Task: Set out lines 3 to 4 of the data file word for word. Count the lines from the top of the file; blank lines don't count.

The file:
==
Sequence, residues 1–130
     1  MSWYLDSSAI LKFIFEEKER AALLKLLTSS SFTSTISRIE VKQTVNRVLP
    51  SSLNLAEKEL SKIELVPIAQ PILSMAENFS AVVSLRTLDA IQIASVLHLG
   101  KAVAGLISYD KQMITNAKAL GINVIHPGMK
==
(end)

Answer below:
    51  SSLNLAEKEL SKIELVPIAQ PILSMAENFS AVVSLRTLDA IQIASVLHLG
   101  KAVAGLISYD KQMITNAKAL GINVIHPGMK